Women More Likely to Enter University Than Men
The number of UK university entrants passed 500,000 for the first time in 2014, according to UCAS admissions service figures. While the gap between entry rates for rich and poor students has narrowed, the gender gap between women and men is the widest ever, with women a third more likely to enter higher education than men.
The admissions figures show a rising trend of increased applications, with 512,400 applicants securing places in UK universities through UCAS in 2014, up nearly 17000. Universities Minister Greg Clark, speaking to BBC, said:”Higher education is a transformational experience and that is why we are the first government to remove the limit on student numbers, lifting the cap on aspiration.”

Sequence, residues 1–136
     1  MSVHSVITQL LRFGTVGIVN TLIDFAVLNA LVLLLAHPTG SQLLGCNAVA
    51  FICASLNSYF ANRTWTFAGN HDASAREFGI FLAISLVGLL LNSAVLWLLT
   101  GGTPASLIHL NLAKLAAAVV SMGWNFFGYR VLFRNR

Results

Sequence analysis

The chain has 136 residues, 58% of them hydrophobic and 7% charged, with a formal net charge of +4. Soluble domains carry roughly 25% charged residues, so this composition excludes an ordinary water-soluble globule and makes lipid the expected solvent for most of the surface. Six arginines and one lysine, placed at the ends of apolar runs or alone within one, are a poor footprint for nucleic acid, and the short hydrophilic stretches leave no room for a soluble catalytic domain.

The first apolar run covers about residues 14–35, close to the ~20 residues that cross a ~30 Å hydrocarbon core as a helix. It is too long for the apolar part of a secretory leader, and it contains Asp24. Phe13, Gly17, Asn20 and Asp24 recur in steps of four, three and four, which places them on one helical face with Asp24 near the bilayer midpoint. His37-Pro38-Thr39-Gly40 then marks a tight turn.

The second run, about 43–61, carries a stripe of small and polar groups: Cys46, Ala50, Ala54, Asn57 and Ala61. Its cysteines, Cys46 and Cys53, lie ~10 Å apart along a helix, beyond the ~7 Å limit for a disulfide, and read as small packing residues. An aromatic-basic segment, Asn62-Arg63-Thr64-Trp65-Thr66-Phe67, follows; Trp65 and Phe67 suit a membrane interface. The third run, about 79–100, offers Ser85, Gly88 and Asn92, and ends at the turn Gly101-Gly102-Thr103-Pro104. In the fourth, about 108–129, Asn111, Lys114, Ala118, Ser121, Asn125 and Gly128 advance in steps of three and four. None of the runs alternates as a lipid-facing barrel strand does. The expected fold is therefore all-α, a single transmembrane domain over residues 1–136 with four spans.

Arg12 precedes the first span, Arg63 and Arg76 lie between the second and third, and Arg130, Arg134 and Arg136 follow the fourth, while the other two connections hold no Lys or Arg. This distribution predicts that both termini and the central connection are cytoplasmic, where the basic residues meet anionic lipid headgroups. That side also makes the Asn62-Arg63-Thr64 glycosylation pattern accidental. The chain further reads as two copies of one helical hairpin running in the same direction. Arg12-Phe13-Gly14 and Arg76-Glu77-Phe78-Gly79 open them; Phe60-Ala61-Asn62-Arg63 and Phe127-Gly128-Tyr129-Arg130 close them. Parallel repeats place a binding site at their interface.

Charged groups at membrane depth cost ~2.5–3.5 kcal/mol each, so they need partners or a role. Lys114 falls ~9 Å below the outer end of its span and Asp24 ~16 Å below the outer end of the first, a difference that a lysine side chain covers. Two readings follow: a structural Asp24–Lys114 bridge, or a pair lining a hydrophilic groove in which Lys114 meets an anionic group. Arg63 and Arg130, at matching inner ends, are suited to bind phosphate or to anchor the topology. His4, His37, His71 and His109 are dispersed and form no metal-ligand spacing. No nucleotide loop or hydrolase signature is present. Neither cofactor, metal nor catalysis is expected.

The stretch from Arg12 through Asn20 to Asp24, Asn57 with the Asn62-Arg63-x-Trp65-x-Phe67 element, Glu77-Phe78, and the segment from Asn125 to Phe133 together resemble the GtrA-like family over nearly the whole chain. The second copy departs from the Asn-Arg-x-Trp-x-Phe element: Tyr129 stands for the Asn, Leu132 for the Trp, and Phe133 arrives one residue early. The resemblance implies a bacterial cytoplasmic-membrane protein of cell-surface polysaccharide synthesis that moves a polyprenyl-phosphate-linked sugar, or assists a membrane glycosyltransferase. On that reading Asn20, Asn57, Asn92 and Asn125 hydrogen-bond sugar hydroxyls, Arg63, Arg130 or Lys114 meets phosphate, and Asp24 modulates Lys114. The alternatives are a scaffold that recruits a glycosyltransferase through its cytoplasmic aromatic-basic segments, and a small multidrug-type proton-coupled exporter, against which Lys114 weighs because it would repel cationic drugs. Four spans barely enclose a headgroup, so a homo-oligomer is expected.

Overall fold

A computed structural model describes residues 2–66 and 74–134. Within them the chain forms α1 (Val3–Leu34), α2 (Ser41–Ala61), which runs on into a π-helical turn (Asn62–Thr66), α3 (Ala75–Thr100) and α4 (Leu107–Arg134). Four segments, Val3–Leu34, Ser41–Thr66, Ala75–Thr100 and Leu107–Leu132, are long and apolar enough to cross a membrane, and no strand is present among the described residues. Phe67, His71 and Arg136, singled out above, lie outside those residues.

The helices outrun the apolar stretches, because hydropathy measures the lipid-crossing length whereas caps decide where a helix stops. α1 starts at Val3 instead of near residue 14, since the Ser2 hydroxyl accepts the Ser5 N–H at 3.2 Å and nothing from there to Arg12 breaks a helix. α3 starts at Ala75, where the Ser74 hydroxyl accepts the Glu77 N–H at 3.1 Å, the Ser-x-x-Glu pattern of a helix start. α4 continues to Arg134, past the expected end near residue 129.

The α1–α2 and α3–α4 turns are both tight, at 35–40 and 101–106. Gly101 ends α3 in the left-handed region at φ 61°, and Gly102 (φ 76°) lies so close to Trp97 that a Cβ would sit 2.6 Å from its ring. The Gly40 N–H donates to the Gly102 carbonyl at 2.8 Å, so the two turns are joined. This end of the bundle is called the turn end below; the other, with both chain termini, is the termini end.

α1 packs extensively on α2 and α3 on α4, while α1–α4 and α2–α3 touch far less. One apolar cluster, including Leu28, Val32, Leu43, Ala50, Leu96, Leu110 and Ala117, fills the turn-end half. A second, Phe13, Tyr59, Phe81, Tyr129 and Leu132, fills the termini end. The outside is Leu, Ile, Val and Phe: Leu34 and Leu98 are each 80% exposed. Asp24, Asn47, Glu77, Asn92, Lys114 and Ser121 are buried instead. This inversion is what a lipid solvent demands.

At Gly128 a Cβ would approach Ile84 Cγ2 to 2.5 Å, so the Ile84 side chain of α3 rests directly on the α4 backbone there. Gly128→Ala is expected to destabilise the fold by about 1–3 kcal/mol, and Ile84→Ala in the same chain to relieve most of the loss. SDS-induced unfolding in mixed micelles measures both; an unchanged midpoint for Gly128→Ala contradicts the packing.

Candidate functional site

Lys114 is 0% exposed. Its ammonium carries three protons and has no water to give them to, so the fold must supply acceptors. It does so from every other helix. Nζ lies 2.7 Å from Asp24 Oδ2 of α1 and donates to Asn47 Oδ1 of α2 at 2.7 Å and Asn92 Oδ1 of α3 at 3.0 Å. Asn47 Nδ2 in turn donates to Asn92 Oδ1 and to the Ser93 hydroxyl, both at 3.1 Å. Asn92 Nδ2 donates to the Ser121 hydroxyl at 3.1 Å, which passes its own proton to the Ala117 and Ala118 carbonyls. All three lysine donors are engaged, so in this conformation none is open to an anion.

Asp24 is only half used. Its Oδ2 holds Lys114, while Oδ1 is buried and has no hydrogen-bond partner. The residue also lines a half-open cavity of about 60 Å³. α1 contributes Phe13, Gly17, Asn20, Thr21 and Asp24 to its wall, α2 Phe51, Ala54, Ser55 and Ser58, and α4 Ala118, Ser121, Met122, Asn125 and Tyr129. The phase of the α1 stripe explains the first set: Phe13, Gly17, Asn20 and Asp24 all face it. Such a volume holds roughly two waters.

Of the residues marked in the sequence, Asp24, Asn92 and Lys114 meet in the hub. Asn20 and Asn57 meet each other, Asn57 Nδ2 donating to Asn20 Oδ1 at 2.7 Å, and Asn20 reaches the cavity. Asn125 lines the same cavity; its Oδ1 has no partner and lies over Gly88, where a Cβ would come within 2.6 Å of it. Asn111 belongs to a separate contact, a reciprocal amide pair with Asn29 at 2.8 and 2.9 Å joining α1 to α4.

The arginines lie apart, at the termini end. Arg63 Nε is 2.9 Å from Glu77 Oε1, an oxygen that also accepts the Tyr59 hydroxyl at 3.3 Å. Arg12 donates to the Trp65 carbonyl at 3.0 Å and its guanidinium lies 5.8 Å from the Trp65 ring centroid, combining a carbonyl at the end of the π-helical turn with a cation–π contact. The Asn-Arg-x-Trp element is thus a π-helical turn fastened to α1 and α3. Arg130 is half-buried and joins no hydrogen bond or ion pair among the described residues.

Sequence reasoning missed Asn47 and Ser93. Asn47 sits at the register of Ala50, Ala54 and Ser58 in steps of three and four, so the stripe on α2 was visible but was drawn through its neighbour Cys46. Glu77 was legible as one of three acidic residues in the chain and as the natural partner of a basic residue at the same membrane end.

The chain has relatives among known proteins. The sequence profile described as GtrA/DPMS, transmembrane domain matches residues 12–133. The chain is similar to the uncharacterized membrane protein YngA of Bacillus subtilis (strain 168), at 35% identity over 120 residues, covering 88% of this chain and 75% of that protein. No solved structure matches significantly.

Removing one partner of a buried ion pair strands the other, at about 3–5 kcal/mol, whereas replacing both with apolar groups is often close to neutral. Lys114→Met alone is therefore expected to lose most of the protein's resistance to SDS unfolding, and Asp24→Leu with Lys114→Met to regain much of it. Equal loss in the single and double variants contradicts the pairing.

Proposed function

But within the overall rising numbers, the gap between male and female entrants has become the widest ever. Among 18-year-olds, 34% of women were offered university places, compared with 26% of men. In some constituencies even less go to university – in Bristol South it is only 11% of 18-year-olds.UCAS says the gender gap in entry rates is the equivalent of 32,000 “missing” male students.